Saturday 28 May 2022

Candidates accuse each other of corruption, shady handling of electoral financing and allegations of sexual harassment

Undecided and swing voters key in Costa Rica’s runoff elections

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28 May 2022 - At The Banks - BCCR

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QCOSTARICA – On Sunday, April 3, former President Jose Maria Figueres, of Partido Liberacion Nacional (PLN), and former Minister of Finance Rodrigo Chaves, of the recently formed Partido Progreso Social Democrático (PPSD), will face each other.

osé María Figueres Olsen

This week, the accusations of corruption, shady handling of electoral financing and allegations of sexual harassment have taken the spotlight away from the candidates’ proposals.

Neither Figueres (1994-1998) nor economist Chaves were the two candidates with the most votes on February, but neither earned the required 40% of the vote to be declared president.

Rodrigo Chaves
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In an election with a record number of 25 candidates, a clear winner was not expected: Figueres earned 27.3% of the votes and Chaves 16.7%.

Days before Sunday’s vote, the last poll of the Research Center in Political Studies (CIEP) of the University of Costa Rica (UCR), had both candidates in a ‘technical tie’. The survey was carried out between March 24 to 28, in a telephone survey of 1,019 people, shows that Chaves is still in the lead with 41.4% of the decided vote, Figueres is 3.4 points behind with 38%.

The margin of error is 3.1 points.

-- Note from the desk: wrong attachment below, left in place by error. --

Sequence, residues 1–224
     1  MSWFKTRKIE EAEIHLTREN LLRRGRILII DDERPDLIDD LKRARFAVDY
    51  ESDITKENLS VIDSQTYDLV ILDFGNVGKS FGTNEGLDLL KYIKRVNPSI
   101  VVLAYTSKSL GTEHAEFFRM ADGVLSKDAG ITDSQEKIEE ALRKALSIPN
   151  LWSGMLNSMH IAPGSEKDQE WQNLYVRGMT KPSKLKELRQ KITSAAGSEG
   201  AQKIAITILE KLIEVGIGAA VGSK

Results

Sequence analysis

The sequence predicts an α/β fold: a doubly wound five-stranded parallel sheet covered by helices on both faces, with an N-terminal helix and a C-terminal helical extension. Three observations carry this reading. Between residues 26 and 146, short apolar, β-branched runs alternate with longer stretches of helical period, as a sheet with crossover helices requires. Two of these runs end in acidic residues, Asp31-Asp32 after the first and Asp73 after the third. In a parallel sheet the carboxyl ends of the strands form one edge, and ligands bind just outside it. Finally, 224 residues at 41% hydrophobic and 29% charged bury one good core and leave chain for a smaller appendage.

“There are no significant differences between the candidates, any of the two could be leading at this moment, we do not know by how much, but yes the forces are very even at this moment”, commented the coordinator of the CIEP survey, Ronald Alfaro, to Semanario Universidad.

Meanwhile, the percentage of undecided people continues to increase.

In the last survey of the campaign, 18.1% of the voters survey had yet to decide who to vote for, up from the 16.5% the week before.

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On Sunday, more than 3.5 million Costa Ricans are eligible to cast their votes, to choose the president for the 2022-2026 period.

The final debate

In the last public debate, held Friday night on the Repretel television channel 6, the candidates closed the campaign with an exchange of offenses.

Facing each other on live television, Figueres and Chaves, used the six minutes they were given to exchange attacks. Figueres opened by asking his opponent about his proposals to combat poverty. Chaves responded to Figueres that he has no right to talk about poverty, because he was born “with a golden spoon.”

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“The surname Figueres was great for you, forgive me for saying so. I am not angry, Don José María. There are things that are a monument to hypocrisy, I have been in the Guidos, I am poor, of poor origin, the son of your father’s bodyguard even though you do not have the decency to admit it,” Chaves launched.

In his response, Figueres told his opponent that his government program is a “desparpajo” that lacks specific proposals to alleviate poverty.

And, when Chaves told Figueres that he committed an act of corruption by his consultancy for the Alcatel firm after being president, Figueres counterattacked with the sanction for sexual harassment that the economist was imposed at the World Bank.

The investigations

The Tribunal Supremo de Elecciones (TSE) – Supreme Electoral Tribunal – clarified on Friday that the investigations into the financing of the Partido Liberación Nacional (PLN) and the Partido Progreso Social Democrático (PSD) will not conclude before the second round.

The TSE is investigating the trust that financed the campaign of Rodrigo Chaves (PPSD), while it has requested information on the trip by Figueres (PLN) to the Dominican Republic.

Héctor Fernández, Director of the Electoral Registry, said that these inquiries are at an initial stage and that after the investigations, it will be assessed whether an administrative procedure is opened or whether they should be transferred to the judicial process.

Fernández confirmed that the investigation carried out by the TSE will remain open even after the election on Sunday, however, they do not prevent either of the two political groups from participating in the elections.

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